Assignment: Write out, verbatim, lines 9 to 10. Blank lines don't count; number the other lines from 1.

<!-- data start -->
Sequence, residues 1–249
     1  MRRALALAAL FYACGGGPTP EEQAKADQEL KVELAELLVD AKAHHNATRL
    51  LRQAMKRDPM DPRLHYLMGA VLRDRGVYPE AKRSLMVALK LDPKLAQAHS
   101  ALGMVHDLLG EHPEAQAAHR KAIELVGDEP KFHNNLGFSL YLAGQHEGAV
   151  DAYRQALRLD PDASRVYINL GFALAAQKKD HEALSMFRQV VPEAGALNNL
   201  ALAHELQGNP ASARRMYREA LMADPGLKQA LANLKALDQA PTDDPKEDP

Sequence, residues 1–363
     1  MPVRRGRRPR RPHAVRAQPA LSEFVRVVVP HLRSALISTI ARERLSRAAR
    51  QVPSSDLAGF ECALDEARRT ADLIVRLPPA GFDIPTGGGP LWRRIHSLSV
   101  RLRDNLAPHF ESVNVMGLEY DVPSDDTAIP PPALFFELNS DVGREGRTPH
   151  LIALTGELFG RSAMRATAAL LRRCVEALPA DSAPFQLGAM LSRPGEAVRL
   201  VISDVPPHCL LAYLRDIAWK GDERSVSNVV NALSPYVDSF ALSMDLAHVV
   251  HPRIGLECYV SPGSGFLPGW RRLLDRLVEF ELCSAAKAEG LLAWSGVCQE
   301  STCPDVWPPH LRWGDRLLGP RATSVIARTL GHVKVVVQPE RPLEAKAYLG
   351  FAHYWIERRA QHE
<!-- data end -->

    51  QVPSSDLAGF ECALDEARRT ADLIVRLPPA GFDIPTGGGP LWRRIHSLSV
   101  RLRDNLAPHF ESVNVMGLEY DVPSDDTAIP PPALFFELNS DVGREGRTPH